I suspect that your 110-gallon seahorse setup may be somewhat undercirculated, Tom, which may be contributing to the low levels of dissolved oxygen. In my experience, having too little water movement is a very common situation for home aquariums that house seahorses.
This is what I usually advise home hobbyists regarding the water flow in their seahorse tanks, sir:
Water Circulation for the Seahorse tank
Many seahorse keepers are overly conscious of the inactive life style and limited swimming ability of Hippocampus, and have adjusted their flow rates accordingly, resulting in undercirculated tanks with too little water movement. That’s a serious mistake for a small, close-system aquarium.
In actuality, seahorses prefer moderate water movement, including some areas of brisk current, providing there are also sheltered spots and some areas of relatively slack water they can move to when desired. Slack water means comparatively low flow, NOT stagnant conditions! As with any aquarium, avoid dead spots and stagnant areas in the seahorse tank at all costs (Giwojna, unpublished text).
Contrary to popular opinion, seahorses are quite effective swimmers that can hold their own in strong currents as long as sheltered areas are available (Delbeek, Oct. 2001). I have often discussed this matter with professional divers and collectors who regularly encounter seahorses in the ocean, and they report that the horses are often found where you would least expect them — well offshore and thriving in areas with powerful currents. For example, here is how Paul Baldassano, a commercial diver in New York who makes his living collecting sea urchins, describes the behavior of his local seahorses:
"In regard to seahorses in the wild, I occasionally see Hippocampus erectus in the wild while SCUBA diving but never in the places where they are supposed to be. I see them in the open sea far from shore and also in areas with large rocks and very strong currents. The last one I saw was in a channel off the south shore of Long Island New York in water about 12 feet deep. The current was so strong that I had to hold on to the rocks so as not to be swept away. This Hippocampus erectus was having no trouble staying there munching on the abundant plankton. Apparently they find places near the rocks where there is no current because as you know they are lousy swimmers. There is also a large population of seahorses in a similar area in another part of the New York shore, but I think it is best not to divulge that location for obvious reasons (Baldassano, pers. com.)."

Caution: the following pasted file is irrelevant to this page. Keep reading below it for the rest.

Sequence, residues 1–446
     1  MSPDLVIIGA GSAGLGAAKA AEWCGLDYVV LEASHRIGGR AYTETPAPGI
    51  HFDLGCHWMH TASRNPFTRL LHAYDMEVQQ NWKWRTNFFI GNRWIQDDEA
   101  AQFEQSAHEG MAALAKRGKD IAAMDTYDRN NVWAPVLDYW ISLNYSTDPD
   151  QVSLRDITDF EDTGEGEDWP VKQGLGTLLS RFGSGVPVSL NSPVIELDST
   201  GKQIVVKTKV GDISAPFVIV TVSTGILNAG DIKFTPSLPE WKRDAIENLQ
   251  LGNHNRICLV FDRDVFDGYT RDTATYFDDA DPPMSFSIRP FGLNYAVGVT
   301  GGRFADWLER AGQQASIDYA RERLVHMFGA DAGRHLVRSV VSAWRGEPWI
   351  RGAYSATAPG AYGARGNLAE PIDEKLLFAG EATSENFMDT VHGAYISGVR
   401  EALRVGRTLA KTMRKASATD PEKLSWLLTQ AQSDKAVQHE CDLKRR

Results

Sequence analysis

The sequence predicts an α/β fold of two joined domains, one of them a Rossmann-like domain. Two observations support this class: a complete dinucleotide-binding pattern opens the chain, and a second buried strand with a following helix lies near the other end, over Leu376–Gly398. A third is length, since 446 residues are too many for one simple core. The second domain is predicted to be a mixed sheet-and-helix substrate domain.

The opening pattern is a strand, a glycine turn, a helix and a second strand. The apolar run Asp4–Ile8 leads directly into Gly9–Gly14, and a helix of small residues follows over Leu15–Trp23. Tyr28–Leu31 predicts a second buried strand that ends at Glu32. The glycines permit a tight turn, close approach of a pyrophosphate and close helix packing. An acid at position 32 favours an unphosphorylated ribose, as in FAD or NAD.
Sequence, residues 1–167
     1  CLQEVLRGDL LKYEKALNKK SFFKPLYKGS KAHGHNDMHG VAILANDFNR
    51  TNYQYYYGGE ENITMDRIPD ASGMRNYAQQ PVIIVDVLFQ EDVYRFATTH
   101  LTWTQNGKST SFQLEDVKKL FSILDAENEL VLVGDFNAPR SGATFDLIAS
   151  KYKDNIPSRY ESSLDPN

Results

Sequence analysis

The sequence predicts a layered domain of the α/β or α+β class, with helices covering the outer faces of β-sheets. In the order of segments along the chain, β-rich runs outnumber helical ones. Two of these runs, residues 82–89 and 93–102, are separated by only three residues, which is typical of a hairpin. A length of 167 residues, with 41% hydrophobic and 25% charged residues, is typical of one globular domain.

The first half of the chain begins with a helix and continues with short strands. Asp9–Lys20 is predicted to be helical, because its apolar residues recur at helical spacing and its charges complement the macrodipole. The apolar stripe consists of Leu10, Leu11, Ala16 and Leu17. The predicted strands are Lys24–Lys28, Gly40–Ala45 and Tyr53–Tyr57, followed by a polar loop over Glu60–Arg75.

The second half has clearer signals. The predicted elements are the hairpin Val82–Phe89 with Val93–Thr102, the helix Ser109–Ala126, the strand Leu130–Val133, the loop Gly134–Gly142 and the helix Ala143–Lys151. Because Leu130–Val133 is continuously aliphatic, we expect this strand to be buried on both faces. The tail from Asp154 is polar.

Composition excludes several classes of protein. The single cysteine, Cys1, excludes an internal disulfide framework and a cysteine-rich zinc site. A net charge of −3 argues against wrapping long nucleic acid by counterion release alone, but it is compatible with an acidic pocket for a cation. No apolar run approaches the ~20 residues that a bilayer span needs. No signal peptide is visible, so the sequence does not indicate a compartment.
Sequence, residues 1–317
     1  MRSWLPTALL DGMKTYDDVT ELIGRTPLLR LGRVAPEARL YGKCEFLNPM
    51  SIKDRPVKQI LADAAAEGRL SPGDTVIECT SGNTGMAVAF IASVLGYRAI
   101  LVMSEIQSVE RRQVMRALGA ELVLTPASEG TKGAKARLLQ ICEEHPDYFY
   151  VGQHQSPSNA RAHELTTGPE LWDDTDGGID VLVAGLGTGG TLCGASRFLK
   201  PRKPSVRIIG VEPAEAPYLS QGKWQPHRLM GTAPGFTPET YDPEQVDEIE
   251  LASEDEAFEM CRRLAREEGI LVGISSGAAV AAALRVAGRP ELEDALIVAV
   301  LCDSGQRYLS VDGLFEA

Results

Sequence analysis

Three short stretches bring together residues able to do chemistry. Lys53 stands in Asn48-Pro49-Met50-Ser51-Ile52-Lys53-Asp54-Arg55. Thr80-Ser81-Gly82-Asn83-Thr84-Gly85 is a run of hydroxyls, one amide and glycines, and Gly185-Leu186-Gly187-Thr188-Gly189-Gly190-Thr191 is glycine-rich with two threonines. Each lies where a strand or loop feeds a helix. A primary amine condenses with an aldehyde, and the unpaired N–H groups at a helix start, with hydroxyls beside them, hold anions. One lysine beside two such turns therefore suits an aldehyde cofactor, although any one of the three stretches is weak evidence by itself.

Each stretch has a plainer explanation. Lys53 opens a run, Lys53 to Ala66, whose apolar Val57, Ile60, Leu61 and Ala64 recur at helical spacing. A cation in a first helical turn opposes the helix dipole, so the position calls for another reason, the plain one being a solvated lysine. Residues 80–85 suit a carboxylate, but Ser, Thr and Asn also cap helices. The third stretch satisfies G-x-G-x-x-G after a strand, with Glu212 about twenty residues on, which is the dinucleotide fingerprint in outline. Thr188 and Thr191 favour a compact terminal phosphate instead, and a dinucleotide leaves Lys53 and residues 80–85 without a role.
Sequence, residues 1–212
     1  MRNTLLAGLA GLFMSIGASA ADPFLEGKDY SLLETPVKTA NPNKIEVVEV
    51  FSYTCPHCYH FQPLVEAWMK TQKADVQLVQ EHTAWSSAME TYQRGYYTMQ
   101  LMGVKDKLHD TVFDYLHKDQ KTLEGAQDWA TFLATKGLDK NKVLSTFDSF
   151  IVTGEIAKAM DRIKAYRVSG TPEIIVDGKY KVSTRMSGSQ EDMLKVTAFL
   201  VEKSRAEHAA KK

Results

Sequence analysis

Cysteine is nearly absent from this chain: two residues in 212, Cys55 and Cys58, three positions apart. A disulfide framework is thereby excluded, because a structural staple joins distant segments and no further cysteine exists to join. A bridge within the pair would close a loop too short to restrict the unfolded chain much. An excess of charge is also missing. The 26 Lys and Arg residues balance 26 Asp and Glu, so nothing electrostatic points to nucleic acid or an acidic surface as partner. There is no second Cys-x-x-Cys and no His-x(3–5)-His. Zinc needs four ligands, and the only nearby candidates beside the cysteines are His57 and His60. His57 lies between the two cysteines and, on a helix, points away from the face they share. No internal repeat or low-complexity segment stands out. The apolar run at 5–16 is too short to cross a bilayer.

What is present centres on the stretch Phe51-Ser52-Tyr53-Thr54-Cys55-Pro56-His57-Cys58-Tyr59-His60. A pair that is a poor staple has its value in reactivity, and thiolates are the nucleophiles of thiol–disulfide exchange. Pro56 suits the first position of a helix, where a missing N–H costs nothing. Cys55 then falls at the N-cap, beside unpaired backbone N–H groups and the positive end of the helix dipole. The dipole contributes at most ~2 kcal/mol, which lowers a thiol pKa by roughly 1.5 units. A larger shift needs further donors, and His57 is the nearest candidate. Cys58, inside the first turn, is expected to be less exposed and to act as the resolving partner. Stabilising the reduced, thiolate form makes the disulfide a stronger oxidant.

Neil Garrick-Maidment, a very successful seahorse breeder in the UK, reports much the same thing, noting that seahorses in the wild seem to thrive amid strong currents:
"Whenever I have dived on Seahorse sites I have always been amazed by the currents and tides that this very fragile looking Seahorse lives in. We often find Seahorses in flat muddy/silt areas nowhere near rocks or weed. These areas are often scoured by strong currents and the Seahorses do well in them and seem completely unperturbed by the current (Garrick-Maidment, pers. com.). In setting up a tank for them I try to remember the feeling I had in those areas and replicate them. I have now started to use wave surge devices, so that the current in the tank, although strong (they seem to thrive in strong currents) varies in its direction (Garrick-Maidment, Jun. 2002)."
Kirk Strawn, who earned his Master of Science thesis studying Hippocampus zosterae in the field, echoes Neil’s thoughts on the matter:
"The aquarist is not giving his seahorses natural conditions when he keeps them in a still-water aquarium. In nature tidal currents, wind, and waves are usually mixing the well aerated surface film water with the deeper water."